Best Buy, Wal-Mart and Abercrombie & Fitch are among the retailers who reported web results that outpaced store sales in December. But Barnes & Noble says web sales declined during the holiday season even faster than same-store sales.
The web out-performed stores in December for three major retailers that reported their financial results this week. But Barnes & Noble says web sales declined during the holiday season even faster than same-store sales.
The web particularly stood out at consumer electronics heavyweight Best Buy Co. Inc. which reported a 34% increase in online sales for the fiscal month ended Jan. 3 compared to the same month a year ago. Comparable store sales in the U.S. declined 6.8% and for the company as a whole by 6.5% during the same period compared to the year-earlier period. Best Buy did not provide a dollar amount of web sales, but noted that customers migrated to the online channel in December.
Wal-Mart Stores Inc. did not provide details of its web sales, but said in an earnings release, “Sales at walmart.com were significantly ahead of the same period last year, led by sales of entertainment and home products and the site-to-store program.” Site-to-store enables customers to order products online for pickup at a Wal-Mart store without paying shipping charges. Wal-Mart says its same-store sales in the U.S. increased 1.9% in December, not counting gasoline sales.
Apparel retailer Abercrombie & Fitch reported an 18% decline in total sales for the five-week period ended Jan. 3, compared with the similar period a year ago, but a decrease of only 11% in its direct-to-consumer sales, which mainly take place on the web.
Bookseller Barnes & Noble Inc. reported web sales for the nine-week holiday period from Nov. 2 to Jan. 3 declined 11.0% to $114.2 million and for the 48 weeks ended Jan. 3 were down 0.4% to $422.9 million from comparable periods a year ago. Same-store sales for December were down 7.7% and for the 48-week period down 5.4%.
BestBuy.com is No. 12 in the Internet Retailer Top 500 Guide, Walmart.com No. 14, BarnesandNoble.com No. 38 and Abercrombie & Fitch sites No. 54.
Trackers of store sales also reported dismal numbers this week. U.S. chain store sales fell 1.7% in December versus a year earlier and were down 2.2% for the November-December holiday season, according to the International Council of Shopping Centers Inc. “Retailers were forced to slash prices to entice consumers to spend,” says Michael P. Niemira, chief economist and director of research at the council. “But even that strategy was not enough as the elevated worry about job insecurity and increased job layoff announcements continued to restrain consumers’ willingness and ability to spend.”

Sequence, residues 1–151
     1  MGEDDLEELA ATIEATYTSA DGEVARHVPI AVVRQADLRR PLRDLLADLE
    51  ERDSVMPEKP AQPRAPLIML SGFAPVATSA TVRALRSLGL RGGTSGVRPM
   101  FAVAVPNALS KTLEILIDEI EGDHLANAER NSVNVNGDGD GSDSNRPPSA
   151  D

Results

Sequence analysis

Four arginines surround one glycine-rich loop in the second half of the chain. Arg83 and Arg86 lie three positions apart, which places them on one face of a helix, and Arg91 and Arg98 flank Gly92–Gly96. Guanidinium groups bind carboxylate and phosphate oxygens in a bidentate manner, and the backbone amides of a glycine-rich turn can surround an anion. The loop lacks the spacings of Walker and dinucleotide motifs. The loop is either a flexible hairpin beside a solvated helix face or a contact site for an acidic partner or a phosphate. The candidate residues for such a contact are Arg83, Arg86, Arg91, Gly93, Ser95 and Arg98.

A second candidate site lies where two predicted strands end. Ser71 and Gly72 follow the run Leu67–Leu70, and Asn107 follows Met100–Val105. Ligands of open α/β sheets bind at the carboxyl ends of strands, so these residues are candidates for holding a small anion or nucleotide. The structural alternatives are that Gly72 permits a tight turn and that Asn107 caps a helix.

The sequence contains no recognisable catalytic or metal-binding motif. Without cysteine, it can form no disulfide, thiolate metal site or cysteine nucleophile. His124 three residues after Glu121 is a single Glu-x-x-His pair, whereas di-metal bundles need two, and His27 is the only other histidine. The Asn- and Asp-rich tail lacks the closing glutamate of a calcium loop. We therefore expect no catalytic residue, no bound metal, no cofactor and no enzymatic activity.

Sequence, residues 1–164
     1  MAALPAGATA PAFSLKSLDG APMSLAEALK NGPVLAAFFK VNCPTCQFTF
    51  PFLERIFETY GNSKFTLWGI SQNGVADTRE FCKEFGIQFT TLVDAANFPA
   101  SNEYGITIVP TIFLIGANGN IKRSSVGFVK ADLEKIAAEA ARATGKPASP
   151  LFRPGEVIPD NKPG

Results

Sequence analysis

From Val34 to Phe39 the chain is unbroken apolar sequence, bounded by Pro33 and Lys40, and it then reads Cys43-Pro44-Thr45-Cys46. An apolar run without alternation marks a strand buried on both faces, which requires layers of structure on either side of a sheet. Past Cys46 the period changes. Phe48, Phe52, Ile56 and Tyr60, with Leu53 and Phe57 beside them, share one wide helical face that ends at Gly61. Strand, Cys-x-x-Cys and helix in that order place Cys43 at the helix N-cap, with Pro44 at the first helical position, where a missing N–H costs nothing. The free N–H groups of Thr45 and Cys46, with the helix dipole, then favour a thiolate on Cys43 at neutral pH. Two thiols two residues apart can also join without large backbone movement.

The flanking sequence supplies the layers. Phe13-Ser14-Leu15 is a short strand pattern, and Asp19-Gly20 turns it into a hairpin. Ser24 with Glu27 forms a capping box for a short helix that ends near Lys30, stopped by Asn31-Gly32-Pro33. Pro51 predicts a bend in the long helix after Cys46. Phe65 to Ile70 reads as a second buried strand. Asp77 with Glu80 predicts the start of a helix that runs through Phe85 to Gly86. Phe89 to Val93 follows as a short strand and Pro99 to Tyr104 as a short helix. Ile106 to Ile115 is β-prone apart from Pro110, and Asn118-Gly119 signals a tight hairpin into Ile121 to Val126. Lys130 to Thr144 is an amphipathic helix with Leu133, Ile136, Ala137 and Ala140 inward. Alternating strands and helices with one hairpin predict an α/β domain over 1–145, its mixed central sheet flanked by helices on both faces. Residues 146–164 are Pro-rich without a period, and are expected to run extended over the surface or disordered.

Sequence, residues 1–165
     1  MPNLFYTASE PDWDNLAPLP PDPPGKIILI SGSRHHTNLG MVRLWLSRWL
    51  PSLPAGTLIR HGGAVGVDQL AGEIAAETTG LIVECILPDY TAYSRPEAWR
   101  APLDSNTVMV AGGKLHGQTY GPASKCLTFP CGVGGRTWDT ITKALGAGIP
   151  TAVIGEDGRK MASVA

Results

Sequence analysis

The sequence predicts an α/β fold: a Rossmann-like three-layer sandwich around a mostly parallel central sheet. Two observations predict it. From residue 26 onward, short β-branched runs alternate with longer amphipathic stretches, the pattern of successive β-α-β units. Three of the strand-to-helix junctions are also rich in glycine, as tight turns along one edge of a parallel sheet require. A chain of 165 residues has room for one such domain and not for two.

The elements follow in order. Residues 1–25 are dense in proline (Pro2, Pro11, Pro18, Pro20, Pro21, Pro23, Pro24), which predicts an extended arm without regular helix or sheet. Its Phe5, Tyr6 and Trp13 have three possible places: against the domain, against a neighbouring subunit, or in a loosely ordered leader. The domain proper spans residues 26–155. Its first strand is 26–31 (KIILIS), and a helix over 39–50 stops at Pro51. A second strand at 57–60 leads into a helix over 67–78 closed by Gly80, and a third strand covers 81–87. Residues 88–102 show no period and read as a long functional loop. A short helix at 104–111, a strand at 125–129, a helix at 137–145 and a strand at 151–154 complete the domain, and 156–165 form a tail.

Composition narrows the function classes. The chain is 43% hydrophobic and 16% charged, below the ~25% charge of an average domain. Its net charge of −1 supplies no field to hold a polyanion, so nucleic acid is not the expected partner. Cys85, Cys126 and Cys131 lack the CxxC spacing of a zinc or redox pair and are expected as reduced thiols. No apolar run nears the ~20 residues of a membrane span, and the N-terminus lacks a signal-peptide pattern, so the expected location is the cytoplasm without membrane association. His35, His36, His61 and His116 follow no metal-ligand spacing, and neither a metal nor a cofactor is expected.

ShopperTrak reports foot traffic to retail stores for the week ended Jan. 3 was about the same as during the comparable week a year ago, while sales were up 11.6%, an increase it attributed to the calendar shift that gave more consumers days off when they could shop in the week before New Year’s. As expected, traffic for the week ended Jan. 3 was down 26.3% compared with the week ended Dec. 27, 2008, that included the final pre-Christmas shopping surge, and sales were down 34.2%. “The sharp week-over-week declines are more indicative of what we typically see this time of year and we anticipate that even with continued gift card redemptions these slow levels will continue over the next couple of weeks,” says Bill Martin, cofounder of ShopperTrak.
The research firm has adjusted its estimate of 2008 holiday season sales to a decline of 2.4% compared with 2007 and a 15.0% decline in foot traffic. Previously, ShopperTrak had predicted a 0.1% sales increase and a decline in foot traffic of 9.9%.